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Car lions: Family's car bursts into flames while driving through lion safari

What's worse than a car fire? A car fire with hungry lions. A family’s car is a safe haven from lions, unless of course said vehicle is on fire. A UK mother is thankfully able to report that her family is safe after her minivan overheated and caught fire, forcing the family outside of the vehicle and right into the area where roaming lions were watching them. The nightmarish dilemma occurred at the Longleat Safari Park, in Wiltshire, England over the holiday weekend.

What's worse than a car fire? A car fire with lions.
Longleat Safari Park / Facebook

When your vehicle catches on fire, it’s usually a good idea to get out quickly. Unless of course you’re right in the middle of the lion’s preserve, reports CBS News on April 21. Helen Clements had taken her two young children to the safari park, to see some close up views of the spectacular wild game. They didn’t plan on getting this close however.

Clemets said she noticed her van was overheating, and saw what appeared to be steam rising from the hood. “Then it turned to smoke,” Clements said. “So we thought, ‘okay, I think we had better alert somebody.’” Clements was inside the vehicle with her daughter, 12-year-old Charlie, and her son, 9-year-old George.

The 43-year-old mother then repeatedly blew her car horn in order to get the attention of park rangers. While she was waiting for a response, flames start to creep out from under the hood, forcing her into an impossible decision. Should she leave the vehicle and expose themselves to possible lions, or stay inside?

“Then the flames came out of the car, and were obviously coming into the car,” she recalled. “We then thought we had better get out the car, but obviously the rangers were saying get back in the car.” Longleat is home to 12 adult lions, who roam freely inside the enclosure. Visitors to the park drive slowly through the preserve, and the lions are known to come right up to the vehicle windows.

“It was very difficult to know what to do. Get in the car or get out the car,” said Clements, who said that the lions were about 100 yards away at the time. Fortunately, rangers arrived in approximately one minute. Clements said her children were panicking and in tears.

UK’s Daily Mail said that other visitors were waiting in the queue in their vehicles to go through the park, and could see what was happening at a distance. Witnesses said none of the other individuals attempted to assist Clements and her family – likely concerned about getting out and exposing themselves to the lions. One witness who saw what occurred said that had he been in the park near Clements, he would have gotten out and tried to help.

“We wondered what was going on, looked across and saw at first what looked like steam, so we assumed that the car had just overheated,” said Wayne Skinner. “Then we saw the steam getting thicker and turning to smoke. That's when we realized something was wrong. We couldn't really tell from the distance we were, but the mother and two children looked distraught… None of the surrounding cars tried to help; I suppose they were worried about the lions. If we had been closer, we would have tried to get them all into our car. I know it would've been breaking every rule and sign, but it's better to get people to safety first.”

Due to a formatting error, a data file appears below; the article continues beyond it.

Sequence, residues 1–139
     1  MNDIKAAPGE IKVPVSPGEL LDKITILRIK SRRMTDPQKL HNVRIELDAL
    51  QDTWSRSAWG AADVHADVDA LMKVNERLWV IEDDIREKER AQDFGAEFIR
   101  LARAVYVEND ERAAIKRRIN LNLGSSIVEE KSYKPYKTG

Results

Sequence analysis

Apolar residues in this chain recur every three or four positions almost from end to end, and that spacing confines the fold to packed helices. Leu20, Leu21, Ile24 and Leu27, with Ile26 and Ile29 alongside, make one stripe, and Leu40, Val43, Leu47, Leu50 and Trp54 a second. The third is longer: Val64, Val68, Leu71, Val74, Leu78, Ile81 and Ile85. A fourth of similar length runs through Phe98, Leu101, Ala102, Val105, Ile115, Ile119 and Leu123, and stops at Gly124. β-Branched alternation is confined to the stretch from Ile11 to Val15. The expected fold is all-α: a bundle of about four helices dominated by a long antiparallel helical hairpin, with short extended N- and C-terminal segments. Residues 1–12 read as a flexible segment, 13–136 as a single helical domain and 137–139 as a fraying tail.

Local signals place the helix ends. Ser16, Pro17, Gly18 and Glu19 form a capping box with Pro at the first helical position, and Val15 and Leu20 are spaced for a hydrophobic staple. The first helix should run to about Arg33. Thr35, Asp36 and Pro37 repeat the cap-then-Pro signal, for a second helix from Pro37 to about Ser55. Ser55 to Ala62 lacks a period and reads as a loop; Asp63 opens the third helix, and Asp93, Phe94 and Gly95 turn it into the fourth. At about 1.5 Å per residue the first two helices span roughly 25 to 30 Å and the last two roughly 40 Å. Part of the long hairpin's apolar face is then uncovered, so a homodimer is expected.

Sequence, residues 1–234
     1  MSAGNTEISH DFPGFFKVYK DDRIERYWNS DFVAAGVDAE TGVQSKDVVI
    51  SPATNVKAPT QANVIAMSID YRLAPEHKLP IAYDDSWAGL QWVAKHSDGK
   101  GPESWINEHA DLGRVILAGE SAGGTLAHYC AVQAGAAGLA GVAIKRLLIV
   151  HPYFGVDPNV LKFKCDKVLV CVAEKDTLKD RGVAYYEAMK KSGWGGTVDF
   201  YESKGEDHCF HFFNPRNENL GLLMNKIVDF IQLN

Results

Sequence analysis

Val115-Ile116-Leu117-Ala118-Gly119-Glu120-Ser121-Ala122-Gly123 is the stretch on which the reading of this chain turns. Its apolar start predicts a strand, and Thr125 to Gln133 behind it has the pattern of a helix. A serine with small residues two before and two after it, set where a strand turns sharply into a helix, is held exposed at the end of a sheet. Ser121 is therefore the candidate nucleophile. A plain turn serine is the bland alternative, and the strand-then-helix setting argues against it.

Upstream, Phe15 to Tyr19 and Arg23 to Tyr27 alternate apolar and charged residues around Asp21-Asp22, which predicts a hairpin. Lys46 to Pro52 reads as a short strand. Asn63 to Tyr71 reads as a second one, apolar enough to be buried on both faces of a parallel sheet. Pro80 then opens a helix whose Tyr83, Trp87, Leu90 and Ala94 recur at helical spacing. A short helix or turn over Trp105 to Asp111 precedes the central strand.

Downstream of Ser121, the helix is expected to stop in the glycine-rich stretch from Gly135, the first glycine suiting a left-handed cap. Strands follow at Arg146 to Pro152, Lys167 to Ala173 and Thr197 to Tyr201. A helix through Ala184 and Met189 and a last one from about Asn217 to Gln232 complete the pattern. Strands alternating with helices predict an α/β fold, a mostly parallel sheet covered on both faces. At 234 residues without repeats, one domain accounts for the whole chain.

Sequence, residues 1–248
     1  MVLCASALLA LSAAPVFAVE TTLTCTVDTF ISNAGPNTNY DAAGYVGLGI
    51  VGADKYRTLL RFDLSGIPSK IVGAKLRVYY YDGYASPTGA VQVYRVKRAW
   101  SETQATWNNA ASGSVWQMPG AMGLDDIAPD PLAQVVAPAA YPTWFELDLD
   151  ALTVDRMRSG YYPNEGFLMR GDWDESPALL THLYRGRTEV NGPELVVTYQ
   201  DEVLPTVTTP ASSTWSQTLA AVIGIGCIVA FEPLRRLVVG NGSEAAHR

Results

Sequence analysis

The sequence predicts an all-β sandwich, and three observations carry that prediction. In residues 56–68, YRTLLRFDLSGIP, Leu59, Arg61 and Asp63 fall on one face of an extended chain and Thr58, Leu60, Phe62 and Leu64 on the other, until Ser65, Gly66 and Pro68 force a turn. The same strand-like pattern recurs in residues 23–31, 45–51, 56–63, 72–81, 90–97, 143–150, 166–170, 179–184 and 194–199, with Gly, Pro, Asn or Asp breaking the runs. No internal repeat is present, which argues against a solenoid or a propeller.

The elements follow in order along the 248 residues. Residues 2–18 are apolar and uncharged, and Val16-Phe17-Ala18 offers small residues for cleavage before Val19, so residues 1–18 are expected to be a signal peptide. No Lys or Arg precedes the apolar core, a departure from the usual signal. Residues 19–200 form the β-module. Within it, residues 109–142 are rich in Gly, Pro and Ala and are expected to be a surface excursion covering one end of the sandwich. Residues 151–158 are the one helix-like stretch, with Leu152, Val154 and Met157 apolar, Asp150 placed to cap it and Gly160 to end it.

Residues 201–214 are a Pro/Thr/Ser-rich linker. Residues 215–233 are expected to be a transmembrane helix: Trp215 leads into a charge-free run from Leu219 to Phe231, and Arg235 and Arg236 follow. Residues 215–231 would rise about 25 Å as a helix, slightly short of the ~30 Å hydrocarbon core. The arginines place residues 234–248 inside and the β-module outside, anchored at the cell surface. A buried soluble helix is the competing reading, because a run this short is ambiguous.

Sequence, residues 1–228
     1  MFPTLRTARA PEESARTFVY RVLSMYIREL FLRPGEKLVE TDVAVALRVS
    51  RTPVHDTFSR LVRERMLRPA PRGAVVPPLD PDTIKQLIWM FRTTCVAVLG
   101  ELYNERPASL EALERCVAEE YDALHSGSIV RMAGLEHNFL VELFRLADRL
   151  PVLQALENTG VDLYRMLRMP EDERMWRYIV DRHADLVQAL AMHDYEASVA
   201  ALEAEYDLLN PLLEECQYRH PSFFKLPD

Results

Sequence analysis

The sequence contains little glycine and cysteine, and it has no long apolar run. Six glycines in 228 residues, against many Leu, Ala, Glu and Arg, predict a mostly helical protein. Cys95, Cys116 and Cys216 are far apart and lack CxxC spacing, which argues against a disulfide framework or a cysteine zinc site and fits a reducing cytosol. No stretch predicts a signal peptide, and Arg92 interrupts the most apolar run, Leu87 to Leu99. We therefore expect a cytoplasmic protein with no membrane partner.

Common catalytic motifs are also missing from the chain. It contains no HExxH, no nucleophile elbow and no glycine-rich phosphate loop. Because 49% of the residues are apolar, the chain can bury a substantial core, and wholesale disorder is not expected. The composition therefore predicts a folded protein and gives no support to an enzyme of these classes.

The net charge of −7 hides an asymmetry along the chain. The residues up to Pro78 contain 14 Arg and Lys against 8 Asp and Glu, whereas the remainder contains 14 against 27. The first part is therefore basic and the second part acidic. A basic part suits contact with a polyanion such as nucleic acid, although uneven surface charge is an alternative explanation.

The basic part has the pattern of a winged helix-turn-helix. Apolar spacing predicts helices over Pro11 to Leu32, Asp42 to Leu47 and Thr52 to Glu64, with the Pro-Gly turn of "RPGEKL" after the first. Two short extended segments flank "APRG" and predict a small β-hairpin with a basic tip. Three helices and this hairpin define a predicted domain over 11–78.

Clements said that when the rangers arrived, her son George immediately started to get out. “George was in the back and opened the door and got out of the car but a ranger shouted, ‘Get back in!’” Clements said. “I shouted back that we can’t – it’s on fire – and opened the driver’s door and started to get out and at that moment the rangers pulled up and we all jumped in with them.”

Clements is happy now to share her story, and because it all turned out well, she said her kids will have quite the tale to tell. “It all happened so quickly it’s difficult to recall exactly what happened, but the children soon calmed down and they’ve now got a wonderful story to tell all their school chums,” Clements said.

A spokesperson for the Longeat park said: "Our main concern was being able to get to the car safely while inside a lion enclosure. On Friday at around 1 p.m. a car overheated in the first lion enclosure at Longleat Safari & Adventure Park. The lions were cleared from the enclosure and the safari park was closed. No one was injured in any way and no lions were hurt. The vehicle has been safely removed and the safari park has fully re-opened to visitors."

As far as going back, Clements said she would be willing to consider it. “I would like to go back and see the lions,” she said. “It wouldn't put me off from going back. It was a little bit frightening, and obviously the children were frightened at the time. You can look back on it now and thank goodness we are all safe, but why did it have to be in the lion enclosure, of all places?”